The Felon's Track eBook

Michael Doheny
This eBook from the Gutenberg Project consists of approximately 266 pages of information about The Felon's Track.
as the President of these States.  At the time of Mr. Mitchel’s trial, I believe I expressed a very strong opinion in favour of rescuing him; and that opinion was grounded on the belief that the whole people would rise up en masse, and in one wild burst of vengeance, sweep their oppressors from the land.  But neither then nor afterwards, did Mr. O’Brien give me the least reason to believe that he was prepared to resist the government in arms, save as far as he concurred in acts which had a tendency to that end.

When first the report above referred to was circulated, I wrote the strongest contradiction of it, and Mr. Meagher, with Mr. O’Brien’s sanction, addressed the following note to the editor of the Tipperary Vindicator.  I am sorry it should be in any way necessary to produce it here; but as this is the last time I shall ever refer to this subject, I thought it best to add this testimony to my own.

    CLONMEL GAOL

    “MR. MEAGHER fully authorises his friend, Mr. Lenihan, to state
    that the exculpation which appeared in a recent number of his
    paper, from Mr. Doheny, is the perfect truth.

“Mr. Meagher is most anxious to have this stated, for he has felt for a long time deeply pained at many of the false reports that have appeared against his friend—­his dear and trusted friend, Michael Doheny.
“One of the most grievous of these reports has been that very false one, charging Mr. Doheny with having invited Mr. Smith O’Brien to the county Tipperary.  Nothing could have been more false than this.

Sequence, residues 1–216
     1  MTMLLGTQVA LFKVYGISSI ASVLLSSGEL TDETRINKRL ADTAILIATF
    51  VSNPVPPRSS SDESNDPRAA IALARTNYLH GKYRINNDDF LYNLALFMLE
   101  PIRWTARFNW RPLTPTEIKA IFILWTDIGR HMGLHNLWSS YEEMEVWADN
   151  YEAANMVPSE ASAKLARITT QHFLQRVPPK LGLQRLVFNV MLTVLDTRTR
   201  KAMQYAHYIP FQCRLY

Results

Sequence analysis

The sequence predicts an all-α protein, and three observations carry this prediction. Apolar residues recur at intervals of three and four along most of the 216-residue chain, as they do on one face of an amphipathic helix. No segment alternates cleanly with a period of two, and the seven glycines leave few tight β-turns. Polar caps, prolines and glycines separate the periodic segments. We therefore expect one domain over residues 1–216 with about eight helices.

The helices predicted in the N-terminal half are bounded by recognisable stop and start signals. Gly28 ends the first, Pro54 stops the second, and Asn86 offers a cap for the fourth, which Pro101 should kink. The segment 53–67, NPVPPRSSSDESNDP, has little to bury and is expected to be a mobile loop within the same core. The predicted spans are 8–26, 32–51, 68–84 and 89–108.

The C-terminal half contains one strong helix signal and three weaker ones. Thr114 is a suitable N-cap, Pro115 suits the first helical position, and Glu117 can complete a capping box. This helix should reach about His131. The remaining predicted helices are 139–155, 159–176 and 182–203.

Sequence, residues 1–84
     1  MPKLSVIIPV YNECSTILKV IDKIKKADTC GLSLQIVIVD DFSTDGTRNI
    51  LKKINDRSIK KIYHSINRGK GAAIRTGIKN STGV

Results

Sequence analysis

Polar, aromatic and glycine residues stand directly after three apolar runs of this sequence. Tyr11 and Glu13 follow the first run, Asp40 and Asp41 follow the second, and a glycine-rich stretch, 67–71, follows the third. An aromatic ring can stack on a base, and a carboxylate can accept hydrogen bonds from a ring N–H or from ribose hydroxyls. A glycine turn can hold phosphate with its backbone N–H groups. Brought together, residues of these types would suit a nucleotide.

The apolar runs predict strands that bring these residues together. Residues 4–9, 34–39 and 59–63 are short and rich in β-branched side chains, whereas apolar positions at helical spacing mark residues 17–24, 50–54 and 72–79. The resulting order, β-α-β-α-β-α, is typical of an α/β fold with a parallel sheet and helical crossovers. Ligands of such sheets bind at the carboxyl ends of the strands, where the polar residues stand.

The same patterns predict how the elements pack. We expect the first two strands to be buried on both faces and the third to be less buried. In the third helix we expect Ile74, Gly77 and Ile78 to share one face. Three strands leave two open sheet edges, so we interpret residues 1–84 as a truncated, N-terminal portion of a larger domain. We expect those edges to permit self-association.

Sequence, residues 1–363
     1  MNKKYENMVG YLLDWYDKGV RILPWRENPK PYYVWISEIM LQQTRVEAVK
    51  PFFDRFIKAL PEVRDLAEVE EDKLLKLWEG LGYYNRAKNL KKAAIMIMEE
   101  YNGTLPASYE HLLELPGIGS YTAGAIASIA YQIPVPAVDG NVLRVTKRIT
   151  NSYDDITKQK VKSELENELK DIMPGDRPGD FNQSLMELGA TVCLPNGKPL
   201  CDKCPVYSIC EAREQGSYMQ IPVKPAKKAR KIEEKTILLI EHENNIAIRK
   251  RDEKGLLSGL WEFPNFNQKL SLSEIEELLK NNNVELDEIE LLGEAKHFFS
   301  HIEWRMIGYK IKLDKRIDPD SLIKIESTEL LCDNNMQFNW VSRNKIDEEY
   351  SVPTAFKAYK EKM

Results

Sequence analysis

“Mr. Doheny, so far from inviting Mr. O’Brien to Tipperary, did
    not, in fact, know of his being in the county at all, until Mr.
    Meagher told him, and that was on Tuesday, July 25th.

    (Signed) “THOMAS FRANCIS MEAGHER.

    “Written a few hours after the passing of the sentence of death.

    “October 23, 1848.”]

CHAPTER VII

THE OUTBREAK.—­MR. O’BRIEN IN
CARRICK.—­CASHEL.—­KILLENAULE.—&sh
y;MULLINAHONE.—­BALLINGARRY.—­AFFAIR AT
KILLENAULE.—­DEFEAT OF MR. O’BRIEN’S PARTY AT THE COMMON.—­PERSONAL
ADVENTURES OF THE WRITER AND HIS COMRADE, UP TO THE DATE OF MR.
O’BRIEN’S ARREST

On the night of the 24th of July, I was awakened, where I was staying, by a rapping at my window.  I recognised the voice of my sister-in-law, and learned from her, in a few seconds, how matters stood.  Her information, in brief, was this that:  Messrs. O’Brien, Dillon and Meagher had left Dublin on learning that the Habeas Corpus Act was suspended; and that it was supposed their object was to throw themselves on the courage of the country.  This intelligence rested on the authority of two trusted members of the council of the Confederation, Messrs. James Cantwell, and P.J.  Smyth.  The fact was all which I then cared to know.  I parted

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The Felon's Track from Project Gutenberg. Public domain.
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